Breaking Ground: Women, Oil & Climate Change: Delegation to Highlight Tar Sands Impact on Women

Date of publication: 
9 October 2012

To highlight the consequences of the tar sands’ impacts on women and their communities, a delegation led by 1997 Nobel Peace Prize winner Jody Williams begins Tuesday, touring the proposed Northern Gateway Pipeline route through Alberta and British Colombia.

The Breaking Ground: Women, Oil & Climate Change delegation from the Nobel Women’s Initiative aims to show the “perspectives rarely taken into account by decision makers” by gathering and amplyifying the voices of women who will suffer from tar sands and climate change impacts.

“As peacebuilders and community leaders, women around the world have been at the forefront of movements to reduce the impacts of climate change and build healthy, sustainable environments,” the group writes.

Describing the importance of the campaign, Williams says that “while people look at environmental issues, people look at climate change… very few look at it from the perspective of women. And unfortunately, like in too many situations of crisis around the world, the women and their children are the ones who suffer the most when their environment is destroyed.”


Environmental Groups Sue Canada Over Northern Gateway Pipeline

by Common Dreams –

27 September 2012

Canadian environmental groups joined together on Tuesday to sue the Canadian government over what they say is a failure to make good on legal obligations to protect endangered species by pursuing the proposed Enbridge Northern Gateway Pipeline project.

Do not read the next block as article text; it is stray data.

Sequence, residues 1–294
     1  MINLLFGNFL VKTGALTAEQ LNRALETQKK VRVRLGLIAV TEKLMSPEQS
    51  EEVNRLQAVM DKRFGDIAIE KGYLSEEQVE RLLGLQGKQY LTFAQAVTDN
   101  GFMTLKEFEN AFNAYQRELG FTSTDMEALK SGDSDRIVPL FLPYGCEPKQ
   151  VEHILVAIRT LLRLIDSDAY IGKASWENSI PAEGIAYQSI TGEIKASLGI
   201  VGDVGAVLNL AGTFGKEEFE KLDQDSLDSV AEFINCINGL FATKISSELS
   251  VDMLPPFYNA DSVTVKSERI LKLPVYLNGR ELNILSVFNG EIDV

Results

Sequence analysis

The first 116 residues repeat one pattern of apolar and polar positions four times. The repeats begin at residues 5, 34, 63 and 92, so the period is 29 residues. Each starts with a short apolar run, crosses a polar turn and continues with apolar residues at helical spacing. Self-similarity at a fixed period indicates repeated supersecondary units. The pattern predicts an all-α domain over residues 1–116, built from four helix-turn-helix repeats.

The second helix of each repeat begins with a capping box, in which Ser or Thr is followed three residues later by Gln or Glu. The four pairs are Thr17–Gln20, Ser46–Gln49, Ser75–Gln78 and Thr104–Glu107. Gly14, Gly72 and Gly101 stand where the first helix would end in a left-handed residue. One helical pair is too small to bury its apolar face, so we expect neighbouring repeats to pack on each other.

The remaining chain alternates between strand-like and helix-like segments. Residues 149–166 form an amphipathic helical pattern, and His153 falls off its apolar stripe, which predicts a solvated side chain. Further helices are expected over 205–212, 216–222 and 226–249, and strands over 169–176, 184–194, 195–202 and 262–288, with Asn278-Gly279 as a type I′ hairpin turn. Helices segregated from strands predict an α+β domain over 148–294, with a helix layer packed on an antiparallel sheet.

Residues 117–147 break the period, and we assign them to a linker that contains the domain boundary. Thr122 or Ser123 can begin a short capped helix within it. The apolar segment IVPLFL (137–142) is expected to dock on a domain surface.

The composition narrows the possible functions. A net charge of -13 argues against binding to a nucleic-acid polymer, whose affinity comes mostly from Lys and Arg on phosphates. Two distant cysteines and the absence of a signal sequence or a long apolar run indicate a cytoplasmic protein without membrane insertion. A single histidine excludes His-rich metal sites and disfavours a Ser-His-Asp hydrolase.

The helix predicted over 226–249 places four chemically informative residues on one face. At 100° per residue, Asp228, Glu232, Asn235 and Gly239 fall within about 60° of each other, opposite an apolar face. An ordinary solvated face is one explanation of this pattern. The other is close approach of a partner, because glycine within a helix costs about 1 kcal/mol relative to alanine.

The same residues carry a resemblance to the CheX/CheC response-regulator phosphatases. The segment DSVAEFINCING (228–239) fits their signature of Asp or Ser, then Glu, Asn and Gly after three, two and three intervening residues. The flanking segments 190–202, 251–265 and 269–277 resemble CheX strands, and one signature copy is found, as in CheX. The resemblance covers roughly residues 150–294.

The groups, which include Ecojustice, David Suzuki Foundation, Greenpeace Canada, Sierra Club B.C., Wilderness Committee and Wildsight filed the litigation in federal court in Vancouver, B.C on Tuesday.

“Delay threatens the survival of our endangered wildlife. That’s why the deadlines in SARA for producing recovery strategies are mandatory,” said Sean Nixon, staff lawyer with Ecojustice. “SARA is a good law that could help endangered species recover. The real problem is that the federal government won’t implement it.”

The endangered species mentioned in the suit include the Pacific humpback whale, Nechako white sturgeon, marbled murrelet and southern mountain caribou, all of which have fragile habitats along the proposed pipeline and shipping routes.

The Northern Gateway Pipeline, proposed by Enbridge Inc., which plans to transport Canadian crude oil through twin pipelines running from Bruderheim, Alberta, to Kitimat, British Columbia, has seen major push back from environmental groups and First Nations Tribes, as the pipeline is slated to cut through sensitive environmental areas and First Nations’ lands.

Over 80 community, union, business and First Nation leaders announced plans earlier this month for a mass sit in at the British Columbia legislature to protest the proposed tar sands pipeline. Organizers are calling for the Oct. 22 action to be the “biggest act of civil disobedience” on the tarsands issue in Canada to date.